The rally in the Euro today was so shallow that you could basically call the dayâ€™s move unchanged. Weaker economic data continues to pour in from the Eurozone. German industrial production fell 0.5 percent in the month of December compared to the marketâ€™s forecast for a 0.7 percent rise. This brought the annualized pace of growth down from 5.0 percent to 3.5 percent. This follows the weaker factory orders, retail PMI, unemployment and consumer spending data that we have received over the past two weeks. On top of that the preliminary inflation numbers received for the month of January were also softer than expected. This certainly spells bad news for Eurozone growth, but should be unsurprising to our readers as we have warned that the Euroâ€™s rally from 1.1650 in November to 1.2330 in January would be disastrous for growth. Now that we are back at 1.1970, some of the stimulus that evaporated when the Euro rallied is returning to the market and as such if we remain at current levels, the February data could be more positive. Perhaps this is what Trichet was alluding to when he reaffirmed the central bankâ€™s hawkish bias last week. Meanwhile helping the Franc was news that the Swiss unemployment rate dropped from 3.7 percent to 3.6 percent last month. We also want to point out an incredibly interesting comment made in todayâ€™s Sovereign Society Offshore A-letter. They cited a Wall Street Journal article released yesterday that talked about how the pressure on Switzerland to relax some of their bank secrecy laws has drained â€śbillions from Switzerlandâ€ť to the benefit of Asian countries like Singapore. According to the report, the little nation has â€śbeefed up account secrecy protections, has changed trust laws and has begun allowing foreigners who meet minimum wealth requirements to purchase land and become residents.â€ť Top that off with English as one of the primary languages spoken in Singapore and you have another reason why money is pouring into the Asian region.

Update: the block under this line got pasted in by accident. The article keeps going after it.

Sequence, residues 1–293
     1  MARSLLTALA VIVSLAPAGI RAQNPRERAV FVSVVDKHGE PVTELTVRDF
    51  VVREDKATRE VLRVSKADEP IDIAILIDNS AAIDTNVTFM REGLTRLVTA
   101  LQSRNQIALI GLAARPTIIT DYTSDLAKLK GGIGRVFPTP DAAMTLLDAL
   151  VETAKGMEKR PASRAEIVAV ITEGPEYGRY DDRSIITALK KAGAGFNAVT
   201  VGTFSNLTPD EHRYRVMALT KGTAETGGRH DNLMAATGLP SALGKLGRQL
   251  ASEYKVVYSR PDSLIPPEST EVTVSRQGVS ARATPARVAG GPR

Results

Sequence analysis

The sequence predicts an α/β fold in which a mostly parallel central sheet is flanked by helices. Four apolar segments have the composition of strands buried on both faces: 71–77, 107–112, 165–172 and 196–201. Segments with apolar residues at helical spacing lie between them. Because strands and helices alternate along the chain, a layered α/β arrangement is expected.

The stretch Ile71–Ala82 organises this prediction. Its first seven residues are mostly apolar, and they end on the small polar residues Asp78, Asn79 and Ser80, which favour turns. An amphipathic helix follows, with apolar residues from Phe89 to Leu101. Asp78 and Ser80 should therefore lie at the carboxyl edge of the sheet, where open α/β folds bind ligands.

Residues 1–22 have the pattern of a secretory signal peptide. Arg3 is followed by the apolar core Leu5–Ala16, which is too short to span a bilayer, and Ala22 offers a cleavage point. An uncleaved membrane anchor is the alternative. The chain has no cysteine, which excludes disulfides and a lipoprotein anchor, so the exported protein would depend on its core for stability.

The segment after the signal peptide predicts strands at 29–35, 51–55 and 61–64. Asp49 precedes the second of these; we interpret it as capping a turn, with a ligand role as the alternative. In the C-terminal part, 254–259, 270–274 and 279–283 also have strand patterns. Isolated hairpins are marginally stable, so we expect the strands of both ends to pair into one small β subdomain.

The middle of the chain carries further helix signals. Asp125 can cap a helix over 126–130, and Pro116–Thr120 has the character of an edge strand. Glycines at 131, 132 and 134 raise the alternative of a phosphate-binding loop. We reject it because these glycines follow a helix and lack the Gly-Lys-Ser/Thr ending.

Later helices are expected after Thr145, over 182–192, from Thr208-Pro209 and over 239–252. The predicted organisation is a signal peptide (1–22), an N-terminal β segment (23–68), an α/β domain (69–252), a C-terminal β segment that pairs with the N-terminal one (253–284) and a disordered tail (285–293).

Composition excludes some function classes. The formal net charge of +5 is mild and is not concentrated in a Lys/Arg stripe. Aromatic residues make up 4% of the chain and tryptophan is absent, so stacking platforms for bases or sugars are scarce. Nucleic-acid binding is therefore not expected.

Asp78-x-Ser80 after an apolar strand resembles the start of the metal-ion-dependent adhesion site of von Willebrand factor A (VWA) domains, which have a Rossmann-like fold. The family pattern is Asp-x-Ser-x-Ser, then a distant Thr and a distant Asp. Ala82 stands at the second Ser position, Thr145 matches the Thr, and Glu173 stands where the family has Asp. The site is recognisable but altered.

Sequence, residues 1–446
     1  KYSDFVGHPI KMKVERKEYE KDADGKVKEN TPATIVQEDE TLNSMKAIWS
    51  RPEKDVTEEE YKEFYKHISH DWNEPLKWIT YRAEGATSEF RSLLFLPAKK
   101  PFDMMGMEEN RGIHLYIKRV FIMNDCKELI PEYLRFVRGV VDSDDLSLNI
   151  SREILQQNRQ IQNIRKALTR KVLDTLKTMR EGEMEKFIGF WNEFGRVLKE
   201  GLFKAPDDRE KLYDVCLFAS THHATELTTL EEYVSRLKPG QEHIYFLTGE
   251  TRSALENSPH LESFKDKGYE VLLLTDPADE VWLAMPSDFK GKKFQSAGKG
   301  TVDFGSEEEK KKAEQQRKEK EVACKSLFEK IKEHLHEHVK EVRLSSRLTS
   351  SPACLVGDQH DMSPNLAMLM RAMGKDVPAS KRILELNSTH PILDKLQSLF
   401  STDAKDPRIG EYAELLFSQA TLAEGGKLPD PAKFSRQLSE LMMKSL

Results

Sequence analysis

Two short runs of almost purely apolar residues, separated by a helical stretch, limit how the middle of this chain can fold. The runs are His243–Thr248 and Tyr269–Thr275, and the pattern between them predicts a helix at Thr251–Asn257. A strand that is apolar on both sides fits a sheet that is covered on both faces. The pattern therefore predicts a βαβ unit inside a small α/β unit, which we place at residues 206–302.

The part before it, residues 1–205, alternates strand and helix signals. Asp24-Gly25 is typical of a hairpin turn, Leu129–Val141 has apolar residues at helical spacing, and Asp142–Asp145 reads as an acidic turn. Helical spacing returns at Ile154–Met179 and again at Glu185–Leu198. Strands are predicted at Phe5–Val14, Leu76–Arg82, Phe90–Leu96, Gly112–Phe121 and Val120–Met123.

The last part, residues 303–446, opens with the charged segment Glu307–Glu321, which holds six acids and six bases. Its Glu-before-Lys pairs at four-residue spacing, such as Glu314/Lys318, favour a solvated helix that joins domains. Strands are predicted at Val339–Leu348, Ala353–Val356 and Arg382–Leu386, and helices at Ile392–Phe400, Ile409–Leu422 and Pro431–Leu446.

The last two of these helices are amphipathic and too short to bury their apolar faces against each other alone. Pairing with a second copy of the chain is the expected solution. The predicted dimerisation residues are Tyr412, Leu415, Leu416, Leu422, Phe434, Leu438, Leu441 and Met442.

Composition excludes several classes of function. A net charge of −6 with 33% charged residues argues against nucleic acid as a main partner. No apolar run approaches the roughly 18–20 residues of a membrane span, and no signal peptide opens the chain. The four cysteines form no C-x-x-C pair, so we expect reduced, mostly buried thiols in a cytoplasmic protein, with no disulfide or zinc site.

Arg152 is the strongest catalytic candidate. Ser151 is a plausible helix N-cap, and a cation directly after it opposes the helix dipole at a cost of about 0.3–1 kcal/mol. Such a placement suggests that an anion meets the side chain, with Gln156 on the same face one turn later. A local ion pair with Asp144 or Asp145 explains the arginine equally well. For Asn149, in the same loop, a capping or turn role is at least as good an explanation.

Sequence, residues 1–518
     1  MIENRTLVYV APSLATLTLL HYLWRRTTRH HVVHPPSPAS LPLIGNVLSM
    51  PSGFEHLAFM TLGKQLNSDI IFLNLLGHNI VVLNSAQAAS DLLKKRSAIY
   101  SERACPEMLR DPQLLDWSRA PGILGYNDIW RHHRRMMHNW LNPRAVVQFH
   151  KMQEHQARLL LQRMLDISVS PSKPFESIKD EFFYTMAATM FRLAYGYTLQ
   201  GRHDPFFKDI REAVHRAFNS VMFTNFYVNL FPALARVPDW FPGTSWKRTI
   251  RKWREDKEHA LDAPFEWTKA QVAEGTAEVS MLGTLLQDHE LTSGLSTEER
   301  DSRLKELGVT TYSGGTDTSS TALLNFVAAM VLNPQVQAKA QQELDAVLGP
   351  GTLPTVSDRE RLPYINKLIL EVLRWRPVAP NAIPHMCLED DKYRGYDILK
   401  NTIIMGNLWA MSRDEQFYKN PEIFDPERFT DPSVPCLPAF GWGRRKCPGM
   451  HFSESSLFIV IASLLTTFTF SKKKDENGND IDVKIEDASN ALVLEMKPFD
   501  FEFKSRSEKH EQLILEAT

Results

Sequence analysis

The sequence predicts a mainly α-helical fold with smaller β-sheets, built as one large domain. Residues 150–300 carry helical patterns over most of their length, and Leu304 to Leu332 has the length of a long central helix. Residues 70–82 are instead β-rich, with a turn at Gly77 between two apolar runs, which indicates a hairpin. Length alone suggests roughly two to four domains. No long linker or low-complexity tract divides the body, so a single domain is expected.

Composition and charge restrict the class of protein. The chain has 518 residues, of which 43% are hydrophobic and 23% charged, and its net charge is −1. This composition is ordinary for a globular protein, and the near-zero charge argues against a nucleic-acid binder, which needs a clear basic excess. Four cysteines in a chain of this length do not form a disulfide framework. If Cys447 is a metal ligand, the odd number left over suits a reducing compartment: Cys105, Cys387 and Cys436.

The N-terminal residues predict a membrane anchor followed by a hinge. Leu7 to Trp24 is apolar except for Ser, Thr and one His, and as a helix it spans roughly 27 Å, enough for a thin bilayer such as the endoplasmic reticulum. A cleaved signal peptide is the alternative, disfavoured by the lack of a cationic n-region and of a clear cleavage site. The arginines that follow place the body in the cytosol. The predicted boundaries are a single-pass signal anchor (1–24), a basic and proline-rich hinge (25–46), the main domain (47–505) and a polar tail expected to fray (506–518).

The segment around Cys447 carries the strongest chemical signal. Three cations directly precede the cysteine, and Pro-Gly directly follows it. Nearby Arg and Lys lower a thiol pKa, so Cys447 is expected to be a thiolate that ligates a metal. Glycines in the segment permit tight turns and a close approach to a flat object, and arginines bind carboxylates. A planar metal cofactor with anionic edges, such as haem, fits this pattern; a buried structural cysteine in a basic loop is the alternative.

Unlike the Euro, the British Pound was unable to rebound against the US dollar and instead, it lost strength for the third consecutive day. The pound suffered greatly after news that the BRC retail sales index hit a 11 year low. This suggests that we will not be seeing any significant pick up in consumer spending. Going into Thursdayâ€™s monetary policy meeting, the market is still looking for another member to join Steve Nickell in voting in favor of lowering interest rates once again. However, we will not know the details of the vote until a few weeks later. In the meantime, the British poundâ€™s performance highlights how interest rate expectations can play a major role in currency fluctuations. Previously, when we saw dovish comments from the ECB and more neutral comments from the BoE, the Euro underperformed the British pound. Over the past week, the more hawkish comments from the ECB and various newspaper articles hinting to the possibility that the BoE could still lower interest rates has helped the Euro regain its dominance over the pound.
The big mover of the day was by far the Japanese Yen. The Yen soared across the board against all of the major currencies thanks to an advisory newsletter article suggesting that the Bank of Japan could end its zero interest rate policy relatively soon. This number one fixation of the market continues to jostle the Japanese Yen. Given the debate between the Bank of Japan and the Japanese government, it seems too abrupt to rally the Yen simply on comments from an advisory newsletter (albeit a rather respected newsletter) even though the governmentâ€™s stance is clear. Many analysts on the street are now aiming for a change in interest rates at the April 28 meeting. At best, we will probably see a shift in the votes with more members of the BoJ voting in favor of changing the current account balance at this weekâ€™s meeting.